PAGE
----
Thursday, January 15, 2015

IKEA: Just What The Doctor Didn't Order

This past week, my husband had some vascular work done on his legs. Sure, this health care writer should probably drop the correct medical jargon on you for said procedure, but you’ll have to excuse me. I’m just still too exhausted from our last pilgrimage to IKEA to look it up on Wikipedia or dig through his paperwork on the kitchen countertop (which, thank you very much, we did not buy at IKEA.)

The point is, my husband had some work done that had nothing to do with tucking,  botox-ing or liposuction-ing, found out that same medical procedure caused a blood clot in his leg, and this news seemed like the perfect reason for us to drive two-plus hours to pick up some Swedish pleather and particleboard goods. Actually, I’m confident the Swedish goods we picked up are genuine wood and leather. Mostly. Just like the meatballs are genuine meat. Mostly.  

So what do sclerotherapy, endovenous ablation therapy and IKEA have in common? (Have patience, my friends. You knew I would eventually look it up.) Like my grandmother used to say, “I haven’t the foggiest.” Not having a clue is often how I write much of what I write. No plan and no parachute. This is both a detriment and a blessing. 

Bear with me. 

I just read that in sclerotherapy, a liquid chemical is injected into a varicose vein to close it off, and in endovenous ablation therapy, lasers or radiowaves create heat to close off a varicose vein. Both of these procedures accomplish the same thing: they shut down certain unhealthy veins, and blood is thereby rerouted to other healthier veins. Perhaps I can use this knowledge as a metaphor for IKEA? And wouldn’t that be a cool, writerly slight of hand?    

Let’s give it a stab: 
  • At IKEA, customers flow through room after room after room, a labyrinth of functional, unpretentious, family-friendly and cheap-as-shit home furnishings and assorted accoutrement.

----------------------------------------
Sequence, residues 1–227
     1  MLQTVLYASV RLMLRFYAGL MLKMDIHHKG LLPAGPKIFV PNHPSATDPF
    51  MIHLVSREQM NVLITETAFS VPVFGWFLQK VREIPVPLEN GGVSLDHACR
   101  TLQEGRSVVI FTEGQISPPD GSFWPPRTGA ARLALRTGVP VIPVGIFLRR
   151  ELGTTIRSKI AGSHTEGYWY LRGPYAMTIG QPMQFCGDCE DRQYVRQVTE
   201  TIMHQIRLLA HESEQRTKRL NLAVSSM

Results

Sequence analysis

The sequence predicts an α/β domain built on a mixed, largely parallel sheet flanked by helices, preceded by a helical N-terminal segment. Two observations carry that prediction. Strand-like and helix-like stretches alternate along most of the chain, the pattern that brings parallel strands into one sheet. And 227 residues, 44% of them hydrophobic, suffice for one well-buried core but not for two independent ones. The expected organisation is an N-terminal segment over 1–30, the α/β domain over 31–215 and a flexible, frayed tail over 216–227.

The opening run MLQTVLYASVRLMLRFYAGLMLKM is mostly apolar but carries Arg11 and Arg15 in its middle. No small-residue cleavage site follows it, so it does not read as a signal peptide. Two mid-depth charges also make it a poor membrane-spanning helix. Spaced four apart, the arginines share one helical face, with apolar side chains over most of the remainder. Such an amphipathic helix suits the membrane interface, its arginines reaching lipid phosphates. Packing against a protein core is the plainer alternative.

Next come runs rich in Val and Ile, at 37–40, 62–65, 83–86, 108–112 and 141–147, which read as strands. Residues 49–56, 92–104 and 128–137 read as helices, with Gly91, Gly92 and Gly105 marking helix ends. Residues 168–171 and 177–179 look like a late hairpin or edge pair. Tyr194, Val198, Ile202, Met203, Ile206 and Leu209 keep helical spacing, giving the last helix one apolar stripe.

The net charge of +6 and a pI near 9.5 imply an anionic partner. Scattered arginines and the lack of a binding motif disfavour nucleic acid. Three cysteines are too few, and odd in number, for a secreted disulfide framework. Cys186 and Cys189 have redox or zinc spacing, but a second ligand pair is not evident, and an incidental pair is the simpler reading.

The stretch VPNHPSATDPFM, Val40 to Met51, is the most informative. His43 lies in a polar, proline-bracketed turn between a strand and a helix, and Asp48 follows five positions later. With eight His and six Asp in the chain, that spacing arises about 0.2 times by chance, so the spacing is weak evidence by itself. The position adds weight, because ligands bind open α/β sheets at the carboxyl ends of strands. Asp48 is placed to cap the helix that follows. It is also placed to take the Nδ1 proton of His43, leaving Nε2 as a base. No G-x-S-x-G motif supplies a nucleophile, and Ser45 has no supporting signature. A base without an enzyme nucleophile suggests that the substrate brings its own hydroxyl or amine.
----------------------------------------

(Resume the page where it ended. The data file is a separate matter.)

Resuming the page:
• These rooms are linked, not unlike our closed circulatory system. (A closed circulatory system means our blood never leaves our stringent network of arteries, veins and capillaries.) 
  • We, as customers, are also enticed to never (EVER) stray from IKEA’s closed circulatory system, especially without at least eight throw pillows, five lampshades, two bookcases, four shelving units, seven bar stools, three whisks, sixteen tea lights, twelve dish towels and an undisclosed, embarrassing amount of meatballs. (All with Swedish names I’m pretty sure translate to variations of “American douchebag” with a generous sprinkling of umlauts.) 
  • Once we select all we could possibly need and even more that we don’t need, we are herded to the basement, where we must pluck the bigger items on our desire lists (e.g., KIVIK sofa, in white, of course) off the warehouse shelves ourselves (yes, ourselves), put said items on special self-serve carts we navigate as inconspicuously as a pack of inebriated chimpanzees, and wait in the winding checkout lines brimming with wailing children and adults who have zero respect for anybody else’s personal space.